Generating credits in the Clean Fuel Standard

The Clean Fuel Standard offers several opportunities to earn credits, including producing or supplying low-carbon fuels and installing fueling infrastructure.

Fuel credits

Registered parties may generate credits for producing or supplying low-carbon fuels — fuels with a carbon intensity below the standard for that year – in Washington. Examples of clean fuel providers include businesses that supply biofuels, own electric vehicle charging stations, or operate natural gas refueling stations.​

How to earn revenue from fuel credits

              How to earn revenue from fuel credits
                (Click on the image to make it bigger.)

  1. Register in the Washington Fuels Reporting System (WFRS).
    Determine if your fuel will generate deficits or credits
    • Standard – Amount of fuel x carbon intensity = credits or deficits
      (positive number = credits; negative number = deficits)
    • Until Ecology certifies a carbon intensity, fuel suppliers may use a temporary fuel pathway code for the type of fuel they supply or produce.
  2. Report quarterly on energy usage and fuel pathways.
  3. Ecology verifies fuel calculations and reporting.
  4. Ecology issues credits through WFRS.
  5. Decide to bank or sell credits. If banking, go to step 9.
  6. Sell credits.
  7. Credits sold.
  8. Receive revenue.
  9. Leave or continue generating credits. If continuing, go to step 2.

Capacity credits

This crediting mechanism is designed to support the expansion of low-carbon fueling infrastructure, specifically DC fast charging and hydrogen refueling infrastructure. Crediting for zero-emission vehicle infrastructure is based on the capacity of the hydrogen station or electric vehicle fast charging site minus the actual fuel dispensed.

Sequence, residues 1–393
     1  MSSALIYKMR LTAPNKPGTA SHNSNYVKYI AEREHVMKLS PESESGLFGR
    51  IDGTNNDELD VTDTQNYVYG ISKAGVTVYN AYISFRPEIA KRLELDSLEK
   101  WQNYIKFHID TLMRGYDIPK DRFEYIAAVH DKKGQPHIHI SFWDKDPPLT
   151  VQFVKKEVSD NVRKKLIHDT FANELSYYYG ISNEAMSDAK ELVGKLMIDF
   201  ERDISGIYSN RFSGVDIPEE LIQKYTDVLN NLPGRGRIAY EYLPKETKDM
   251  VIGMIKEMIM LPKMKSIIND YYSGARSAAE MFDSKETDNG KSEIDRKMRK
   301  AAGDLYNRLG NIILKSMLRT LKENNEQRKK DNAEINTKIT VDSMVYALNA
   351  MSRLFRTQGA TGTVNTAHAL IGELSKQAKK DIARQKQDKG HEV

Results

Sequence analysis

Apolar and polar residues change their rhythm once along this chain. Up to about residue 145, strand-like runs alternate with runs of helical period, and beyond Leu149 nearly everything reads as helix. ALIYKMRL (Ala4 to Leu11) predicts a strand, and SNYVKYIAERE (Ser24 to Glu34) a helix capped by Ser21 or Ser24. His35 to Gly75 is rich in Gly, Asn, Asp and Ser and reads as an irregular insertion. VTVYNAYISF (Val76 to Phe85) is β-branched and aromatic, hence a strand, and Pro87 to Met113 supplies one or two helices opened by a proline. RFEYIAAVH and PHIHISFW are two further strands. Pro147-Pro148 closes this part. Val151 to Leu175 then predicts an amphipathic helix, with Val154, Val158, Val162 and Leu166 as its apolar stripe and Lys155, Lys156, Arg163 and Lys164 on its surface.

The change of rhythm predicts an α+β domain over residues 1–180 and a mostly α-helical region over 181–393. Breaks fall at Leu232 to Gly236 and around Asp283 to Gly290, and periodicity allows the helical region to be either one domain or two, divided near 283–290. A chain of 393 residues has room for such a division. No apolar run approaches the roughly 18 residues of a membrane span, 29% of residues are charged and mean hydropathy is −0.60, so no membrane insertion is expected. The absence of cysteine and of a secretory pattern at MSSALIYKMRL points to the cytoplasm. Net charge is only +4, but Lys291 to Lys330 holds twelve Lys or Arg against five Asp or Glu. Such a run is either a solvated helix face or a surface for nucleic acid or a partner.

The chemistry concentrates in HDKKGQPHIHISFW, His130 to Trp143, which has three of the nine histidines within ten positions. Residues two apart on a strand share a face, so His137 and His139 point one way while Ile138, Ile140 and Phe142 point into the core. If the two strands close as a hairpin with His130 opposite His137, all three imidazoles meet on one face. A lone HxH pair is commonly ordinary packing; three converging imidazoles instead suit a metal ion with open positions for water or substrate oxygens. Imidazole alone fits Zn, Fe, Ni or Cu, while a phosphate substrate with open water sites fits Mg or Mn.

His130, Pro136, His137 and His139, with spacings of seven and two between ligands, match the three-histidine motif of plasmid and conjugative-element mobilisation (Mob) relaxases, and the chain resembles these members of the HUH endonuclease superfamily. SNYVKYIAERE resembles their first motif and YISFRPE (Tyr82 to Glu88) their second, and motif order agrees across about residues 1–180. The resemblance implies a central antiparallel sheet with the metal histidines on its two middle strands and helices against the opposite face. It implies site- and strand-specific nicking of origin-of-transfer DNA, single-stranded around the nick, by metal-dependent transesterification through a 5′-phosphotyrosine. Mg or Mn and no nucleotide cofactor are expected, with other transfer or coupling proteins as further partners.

Capacity credits are generated by those who install low carbon fueling stations. These include:

  • DC fast charging – DC fast charging (DCFC) is the fastest of the three levels of charging available, making it ideal for traveling extended distances that require short recharge stops along the way. To help expand availability of these chargers, the Clean Fuel Standard offers credits to entities that install DCFS stations. Learn more about electric vehicle charging.
  • Hydrogen refueling stations – Hydrogen-powered fuel cell electric vehicles (FCEVs) could play a significant role in reducing Washington’s greenhouse gas emissions. Those entities which install infrastructure to support growth of this technology may earn credits under the Clean Fuel Standard. Learn more about fuel cell electric vehicles.

Advance credits

Public entities may apply to borrow against future credit generation to purchase electric vehicles, such as ferries.